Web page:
His popularity rose sharply in the sixties, where he was practically doing three shifts a day, composing fights by the dozen, committing umpteen acts of violence for the celluloid and then going home to his family for a quiet evening.
Egoistic by nature, Shetty would often talk about ‘Hero ka chhutti kar di’. He would tell the leading men that they would be in films for just six or seven years. “You’ll come and go, but I’m going to be here for 35 years and will compose fights for your sons. Though a fight director of repute, Shetty was practical enough to recognize that in the industry, money talked and all the respect and friendships he enjoyed were only due to the glitter of films. He would often tell his children to study and be on their own rather than come anywhere near the film industry.
Muddubabu had studied Tulu only for a couple of years and didn’t know what the red marks in his kids report cards stood for. He just scribbled his signature where the children told him to and was bitterly aware of the handicap fact that he could not meet other film people at the intellectual level. So in his heyday he would often give lavish parties to the industry people. He thought he could hobnob with them at least at parties. “And the film people enjoyed the parties given at our place and praised Mummy calling her ‘Bhabhiji’. But not a single film personality, except director Brij, bothered to either attend the funeral or come and meet our mother later on”, his daughter Chaya recollected.
His drawing room was packed with jubilee trophies of hit films like ‘Deeewaar’, ‘Trishul’, ‘Daag’, ‘Victoria 203’, ‘Amanush’, ‘Aradhana’, ‘Yaadon Ki Baraat’, Be-lmaan’, ‘Aankhen’, ‘Sharmilee’, ‘Kabhi Kabhie’, ‘Seeta aur Geeta’ and ‘Kaala Patthar’.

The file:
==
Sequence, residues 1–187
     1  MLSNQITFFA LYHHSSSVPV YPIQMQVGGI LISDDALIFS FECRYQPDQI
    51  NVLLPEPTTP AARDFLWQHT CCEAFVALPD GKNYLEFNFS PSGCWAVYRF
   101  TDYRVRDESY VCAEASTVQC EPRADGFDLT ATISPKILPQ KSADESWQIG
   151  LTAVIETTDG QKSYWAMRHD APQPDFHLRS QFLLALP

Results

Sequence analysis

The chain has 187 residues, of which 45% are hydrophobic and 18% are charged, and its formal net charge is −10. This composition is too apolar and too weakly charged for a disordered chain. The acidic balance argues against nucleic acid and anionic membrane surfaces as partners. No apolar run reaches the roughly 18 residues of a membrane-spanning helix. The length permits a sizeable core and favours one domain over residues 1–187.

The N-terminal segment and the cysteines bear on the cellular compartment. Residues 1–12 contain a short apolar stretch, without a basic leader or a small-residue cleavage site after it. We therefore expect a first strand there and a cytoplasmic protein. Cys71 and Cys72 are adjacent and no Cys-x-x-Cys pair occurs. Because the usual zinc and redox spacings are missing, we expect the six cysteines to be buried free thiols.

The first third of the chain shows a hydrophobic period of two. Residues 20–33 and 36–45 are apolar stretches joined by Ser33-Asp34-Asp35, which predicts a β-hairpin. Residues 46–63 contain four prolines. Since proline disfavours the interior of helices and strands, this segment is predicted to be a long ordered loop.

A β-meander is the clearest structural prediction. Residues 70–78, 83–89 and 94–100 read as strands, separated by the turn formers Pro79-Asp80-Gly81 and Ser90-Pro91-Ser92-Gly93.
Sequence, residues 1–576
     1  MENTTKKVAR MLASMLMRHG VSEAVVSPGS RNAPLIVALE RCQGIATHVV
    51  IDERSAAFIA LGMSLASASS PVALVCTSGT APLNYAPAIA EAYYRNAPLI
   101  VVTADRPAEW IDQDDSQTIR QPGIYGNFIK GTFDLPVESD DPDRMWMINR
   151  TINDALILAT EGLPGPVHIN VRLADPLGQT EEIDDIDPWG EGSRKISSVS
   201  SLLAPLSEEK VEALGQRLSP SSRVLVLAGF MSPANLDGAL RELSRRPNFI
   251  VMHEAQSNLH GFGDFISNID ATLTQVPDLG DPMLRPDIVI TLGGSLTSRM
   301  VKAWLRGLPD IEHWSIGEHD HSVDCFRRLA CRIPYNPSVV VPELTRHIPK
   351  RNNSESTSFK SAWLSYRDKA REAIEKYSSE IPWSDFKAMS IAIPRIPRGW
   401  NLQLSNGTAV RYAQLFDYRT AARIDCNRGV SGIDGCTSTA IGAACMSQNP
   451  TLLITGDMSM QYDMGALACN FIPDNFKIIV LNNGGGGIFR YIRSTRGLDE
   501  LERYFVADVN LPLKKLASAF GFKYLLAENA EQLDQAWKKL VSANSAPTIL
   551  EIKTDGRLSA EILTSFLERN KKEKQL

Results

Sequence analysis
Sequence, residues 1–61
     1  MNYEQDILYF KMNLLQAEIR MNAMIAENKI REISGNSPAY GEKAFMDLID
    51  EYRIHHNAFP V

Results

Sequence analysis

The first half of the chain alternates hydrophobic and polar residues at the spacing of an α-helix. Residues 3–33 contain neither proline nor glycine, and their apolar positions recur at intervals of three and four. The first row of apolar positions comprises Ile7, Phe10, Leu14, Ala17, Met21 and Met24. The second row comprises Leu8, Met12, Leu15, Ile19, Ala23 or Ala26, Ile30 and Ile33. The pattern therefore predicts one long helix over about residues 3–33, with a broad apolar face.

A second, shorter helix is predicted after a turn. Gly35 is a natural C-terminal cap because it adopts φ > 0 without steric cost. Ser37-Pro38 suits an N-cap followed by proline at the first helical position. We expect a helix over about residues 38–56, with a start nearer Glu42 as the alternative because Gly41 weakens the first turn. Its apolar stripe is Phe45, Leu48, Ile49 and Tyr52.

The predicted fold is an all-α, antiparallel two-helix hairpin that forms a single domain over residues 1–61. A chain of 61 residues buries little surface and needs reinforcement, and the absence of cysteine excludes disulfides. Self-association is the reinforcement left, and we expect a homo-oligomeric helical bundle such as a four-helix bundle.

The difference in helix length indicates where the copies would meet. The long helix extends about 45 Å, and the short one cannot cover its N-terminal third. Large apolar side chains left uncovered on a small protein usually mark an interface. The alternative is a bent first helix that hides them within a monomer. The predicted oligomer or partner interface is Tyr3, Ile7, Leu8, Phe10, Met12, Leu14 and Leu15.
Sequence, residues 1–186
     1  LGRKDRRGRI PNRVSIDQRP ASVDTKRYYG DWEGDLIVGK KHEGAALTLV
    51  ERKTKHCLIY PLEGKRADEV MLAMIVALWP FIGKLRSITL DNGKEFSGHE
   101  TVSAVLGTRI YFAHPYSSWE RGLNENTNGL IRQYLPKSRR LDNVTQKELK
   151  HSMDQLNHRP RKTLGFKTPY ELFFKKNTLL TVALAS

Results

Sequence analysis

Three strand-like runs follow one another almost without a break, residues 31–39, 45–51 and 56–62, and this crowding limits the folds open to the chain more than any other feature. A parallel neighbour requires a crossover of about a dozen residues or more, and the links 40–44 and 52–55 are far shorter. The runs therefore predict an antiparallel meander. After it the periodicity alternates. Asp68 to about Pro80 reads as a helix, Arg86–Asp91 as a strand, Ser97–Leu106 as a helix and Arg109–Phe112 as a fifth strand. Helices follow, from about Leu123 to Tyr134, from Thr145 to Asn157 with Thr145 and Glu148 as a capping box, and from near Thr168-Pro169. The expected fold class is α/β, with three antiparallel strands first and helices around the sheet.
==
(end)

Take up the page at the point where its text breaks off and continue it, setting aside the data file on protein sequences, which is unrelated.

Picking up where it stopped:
Generous to a fault, Shetty never turned anybody away without extending his help. He would teach aspirants fencing in the compound outside his ﬂat. As for alms, he would just hand over the first bank-note that came to hand often saying, “After all, my father didn’t do anything for me. Poor fellow, what is there, let him have some money.” Having seen hard days, he knew what deprivation was.
It was this very soft nature, quite inconsistent with his profession that finally made him drown his guilt feelings in liquor. On the sets of Brij’s ‘Bombay 405 Miles’ (1980), a junior artiste called Mansoor doubling for Shatrughan Sinha died while performing one of the stunts. It was bad timing and the petrol bomb went off before Mansoor had Ieapt clear. Shetty, who was in charge was said to have been under the influence of liquor then. It was bad publicity for Brij’s film. Shetty could never bring himself around to condoning his own negligence. Except for drinking, Shetty had no other vices.
After ‘Jail Yatra’, (1981), Shetty had no film assignments. During his last one and a half years, it was wife Vinodini, a trained Kathak dancer, who looked after the family by working as a dance tutor.
Before he died, he would always talk about the ‘godownwala fight’ from ‘Deewaar’ (1975) and the fisticuffs he shared with Dharmendra in the stables of ‘Kahani Kismat Ki’ (1973) as his most memorable stunt scenes.
Compounded with his drinking were the various leg injuries that this popular stuntman had suffered performing those daring acts. Those broken bones and pulled muscles combined with liquor, made it impossible for Shetty to move about. With his legs failing him, for the record it was a fall at home on 23 Jan 1982 which proved fatal for this ace stuntman but it would be more apt to say ‘he died of a broken heart’.
Today, Shetty’s son Rohit Shetty and his junior, fight director Veeru Devgan’s son Ajay Devgan are a formidable action team. It figures.